On 1st March, CAS Associate Artists met with Ronda Gowland, and Alex Misick from John Hansard Gallery to discuss “the archive”. The group wanted to discuss what comes up when exploring archival practices, and how archiving is relevant to their individual and collective practice. As a studio group CAS Associates are in the early stages of developing CAS Chapters, an ongoing archive which serves as a way of recording and opening their art dialogue to new audiences and participants.
“When CAS first approached us to discuss Chapters ongoing archive, I thought immediately of the John Hansard exhibition Potential Ongoing Archive 2002.” said Ronda “Not just because of the literal title but because the exhibiting artists reflected on the notion of archive in many different ways.” For example, Ella Gibbs who regards the personal as being part of an archive and who invited visitors to contribute to the collection of material related to the Chinese Year of The Horse, and Barbara Stevini whose work was titled “I am archive”.
“An archive is a repository for the future, a starting point not an end point.” (Anna Harding, ‘Potential Ongoing Archive’ pg 51)
Artists read “Potential Ongoing Archive” by Anna Harding at their last Research Group meeting. “Each of us pulled something particularly pertinent from the essay in relation to our practices. First and foremost we need to understand, how does archiving relate to our own practice?” said Dawn Evans, leader of CAS R&D.
During Wednesday’s round table discussion, the following themes arose:
- A need for ongoing reclassification
- Preservation vs Evolution
- Subjectivity and purpose involved in building, navigating, and reading the archive
- What contributes to the experience of an archive
The following people were present:
Ronda Gowland (RG), Education Officer, John Hansard
David Dixon (DD), Lead Artist at CAS
Alex Misick (AM), Program Co-ordinator, John Hansard
Maija Liepins (ML), CAS R&D Leader
Dawn Evans (DE), CAS R&D Leader
Kimvi Nguyen (KV)
Laurence Rushby (LR)
Yonat Nitzan Green (YNG)
Chester Frampton (CF)
Fragments of discussion
“Much of my work is ephemeral. How do I record my work for future prosperity?” KV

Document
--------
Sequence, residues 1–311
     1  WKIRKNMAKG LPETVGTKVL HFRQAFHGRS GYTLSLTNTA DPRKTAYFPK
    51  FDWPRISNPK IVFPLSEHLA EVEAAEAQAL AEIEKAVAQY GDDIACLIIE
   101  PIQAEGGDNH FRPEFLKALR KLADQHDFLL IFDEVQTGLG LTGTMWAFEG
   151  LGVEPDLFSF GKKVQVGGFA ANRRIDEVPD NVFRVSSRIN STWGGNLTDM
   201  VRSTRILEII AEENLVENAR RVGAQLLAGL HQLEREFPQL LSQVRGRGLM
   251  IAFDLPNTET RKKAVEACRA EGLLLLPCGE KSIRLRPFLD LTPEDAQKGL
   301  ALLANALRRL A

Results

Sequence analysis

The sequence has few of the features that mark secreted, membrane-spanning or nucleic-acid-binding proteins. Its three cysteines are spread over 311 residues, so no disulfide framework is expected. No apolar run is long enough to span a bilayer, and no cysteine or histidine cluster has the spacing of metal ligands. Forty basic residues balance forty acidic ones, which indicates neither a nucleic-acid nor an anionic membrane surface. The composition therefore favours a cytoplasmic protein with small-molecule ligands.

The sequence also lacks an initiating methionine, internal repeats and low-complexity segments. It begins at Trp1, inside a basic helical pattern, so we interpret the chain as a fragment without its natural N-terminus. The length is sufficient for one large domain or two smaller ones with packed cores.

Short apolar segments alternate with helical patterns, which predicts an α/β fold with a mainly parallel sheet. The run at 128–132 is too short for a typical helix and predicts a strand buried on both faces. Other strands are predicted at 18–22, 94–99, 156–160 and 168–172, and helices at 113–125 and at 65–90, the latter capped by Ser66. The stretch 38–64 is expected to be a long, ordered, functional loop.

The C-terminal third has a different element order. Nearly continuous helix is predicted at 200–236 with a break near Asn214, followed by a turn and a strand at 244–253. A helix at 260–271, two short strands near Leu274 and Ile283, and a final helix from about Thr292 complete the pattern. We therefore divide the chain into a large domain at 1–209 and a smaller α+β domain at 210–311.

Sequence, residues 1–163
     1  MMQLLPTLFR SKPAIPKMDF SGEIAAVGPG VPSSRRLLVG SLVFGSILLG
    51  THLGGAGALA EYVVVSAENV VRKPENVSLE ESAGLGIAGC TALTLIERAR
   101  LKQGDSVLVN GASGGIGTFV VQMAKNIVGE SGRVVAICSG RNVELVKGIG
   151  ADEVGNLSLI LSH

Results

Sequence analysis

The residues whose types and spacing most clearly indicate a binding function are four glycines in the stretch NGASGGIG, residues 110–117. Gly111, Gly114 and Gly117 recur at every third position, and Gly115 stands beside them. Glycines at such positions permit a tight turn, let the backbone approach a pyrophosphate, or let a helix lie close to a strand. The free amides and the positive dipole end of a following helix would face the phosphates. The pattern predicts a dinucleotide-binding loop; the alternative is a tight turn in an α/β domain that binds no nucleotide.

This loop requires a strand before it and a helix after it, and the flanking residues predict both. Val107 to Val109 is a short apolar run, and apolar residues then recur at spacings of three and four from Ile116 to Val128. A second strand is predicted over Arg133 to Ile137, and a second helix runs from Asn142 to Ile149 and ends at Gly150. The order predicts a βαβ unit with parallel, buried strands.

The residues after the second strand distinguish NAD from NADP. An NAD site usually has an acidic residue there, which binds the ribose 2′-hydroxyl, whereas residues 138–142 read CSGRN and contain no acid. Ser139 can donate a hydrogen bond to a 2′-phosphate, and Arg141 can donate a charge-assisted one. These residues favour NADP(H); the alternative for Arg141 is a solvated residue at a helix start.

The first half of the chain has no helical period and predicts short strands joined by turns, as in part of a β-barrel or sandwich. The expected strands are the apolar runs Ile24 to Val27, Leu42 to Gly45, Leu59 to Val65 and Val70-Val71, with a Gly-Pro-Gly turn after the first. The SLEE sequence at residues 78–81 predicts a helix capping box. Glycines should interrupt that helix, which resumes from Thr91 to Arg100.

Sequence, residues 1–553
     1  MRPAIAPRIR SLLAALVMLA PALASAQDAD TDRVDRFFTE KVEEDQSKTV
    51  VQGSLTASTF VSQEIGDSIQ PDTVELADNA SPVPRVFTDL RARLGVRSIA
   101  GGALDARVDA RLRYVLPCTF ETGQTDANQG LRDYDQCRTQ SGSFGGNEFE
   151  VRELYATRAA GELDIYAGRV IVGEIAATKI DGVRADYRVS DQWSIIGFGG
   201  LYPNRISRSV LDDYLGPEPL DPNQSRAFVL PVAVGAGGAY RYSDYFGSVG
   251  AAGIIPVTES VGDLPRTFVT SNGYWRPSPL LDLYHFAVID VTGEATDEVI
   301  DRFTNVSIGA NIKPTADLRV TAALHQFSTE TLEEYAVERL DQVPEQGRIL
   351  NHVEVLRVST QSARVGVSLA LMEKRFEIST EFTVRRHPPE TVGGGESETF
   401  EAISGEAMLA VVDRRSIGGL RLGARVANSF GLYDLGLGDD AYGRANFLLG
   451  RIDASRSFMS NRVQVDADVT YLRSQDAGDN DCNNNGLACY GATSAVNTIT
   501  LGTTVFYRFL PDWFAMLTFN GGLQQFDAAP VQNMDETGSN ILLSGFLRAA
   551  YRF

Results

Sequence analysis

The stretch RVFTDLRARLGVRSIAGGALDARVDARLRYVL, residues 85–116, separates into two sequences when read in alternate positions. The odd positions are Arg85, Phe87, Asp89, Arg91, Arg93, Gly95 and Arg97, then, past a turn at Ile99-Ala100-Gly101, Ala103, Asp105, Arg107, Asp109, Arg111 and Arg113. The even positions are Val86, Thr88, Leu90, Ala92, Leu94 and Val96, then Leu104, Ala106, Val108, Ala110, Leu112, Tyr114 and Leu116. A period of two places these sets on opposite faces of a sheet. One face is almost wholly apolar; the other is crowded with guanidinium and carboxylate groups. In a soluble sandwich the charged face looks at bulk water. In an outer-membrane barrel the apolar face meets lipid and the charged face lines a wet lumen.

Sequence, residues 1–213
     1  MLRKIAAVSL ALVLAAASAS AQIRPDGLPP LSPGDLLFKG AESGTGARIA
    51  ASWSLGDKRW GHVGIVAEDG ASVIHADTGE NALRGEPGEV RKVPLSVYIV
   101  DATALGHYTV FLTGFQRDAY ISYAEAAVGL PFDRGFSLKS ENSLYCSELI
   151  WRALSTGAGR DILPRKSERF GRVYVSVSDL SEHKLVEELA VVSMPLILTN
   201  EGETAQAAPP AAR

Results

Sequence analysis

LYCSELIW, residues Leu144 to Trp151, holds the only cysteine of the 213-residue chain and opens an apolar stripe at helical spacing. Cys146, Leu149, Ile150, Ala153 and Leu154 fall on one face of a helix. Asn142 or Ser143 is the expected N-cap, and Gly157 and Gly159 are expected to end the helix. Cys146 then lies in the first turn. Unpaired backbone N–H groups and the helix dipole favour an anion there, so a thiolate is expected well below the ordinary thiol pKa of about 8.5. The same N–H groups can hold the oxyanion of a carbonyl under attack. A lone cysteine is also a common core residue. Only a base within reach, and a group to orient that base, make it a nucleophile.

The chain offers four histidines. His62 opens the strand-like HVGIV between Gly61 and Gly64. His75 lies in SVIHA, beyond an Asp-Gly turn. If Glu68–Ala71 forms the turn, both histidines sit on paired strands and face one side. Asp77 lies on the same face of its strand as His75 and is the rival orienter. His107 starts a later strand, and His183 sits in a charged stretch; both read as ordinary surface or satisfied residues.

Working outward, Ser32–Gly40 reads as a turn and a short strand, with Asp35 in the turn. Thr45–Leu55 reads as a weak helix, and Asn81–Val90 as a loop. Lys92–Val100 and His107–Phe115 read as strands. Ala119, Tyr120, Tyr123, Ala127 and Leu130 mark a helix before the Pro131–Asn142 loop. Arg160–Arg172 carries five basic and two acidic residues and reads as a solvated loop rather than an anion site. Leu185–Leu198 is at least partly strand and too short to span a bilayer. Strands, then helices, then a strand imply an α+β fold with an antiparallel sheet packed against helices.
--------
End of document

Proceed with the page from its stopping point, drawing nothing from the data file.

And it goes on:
“Archiving for future audiences is an optimistic act.” KV
I wonder how you would consider an archive if you weren’t feeling optimistic?
“Archiving is an act of looking – at the present, gathering for the future.” ML
“I think there is a close relationship between archiving and evaluating.” LR
“Chapters is going to be a (body of) work, not just paperwork” LR
“The structure of an archive is informed by its content”. LR
“Derrida talks about the archive not just as the physical space but also our mental space where we store memories.” DE
“I hope Chapters the ongoing archive will make visible the relationships and connections (mental, emotional and physical) between artists, and between archived material, as the dialogue develops.” ML
“Walter van Rijn has managed to digitise and visually represent past John Hansard exhibitions for the Time after Time project.” RG. Time after Time is an archive of past exhibitions. To what extent is an exhibition an archive?
“What do we do with this? – is a fundamental issue of archiving. There needs to be a purpose that involves processing, evaluating and reviewing” DD
“I am interested in how we can involve the audience in processing and evaluating the archive.” YNG
At The 2015 Laboratory of Dissent, artists filmed hours and hours of material on a slightly obsolete camera. There exists a stack of tapes which represent the possibility of watching the footage, but the tapes, and the quantity of unprocessed material is impractical. The idea of the tapes activate the imagination, they are full of promise, and latent potential.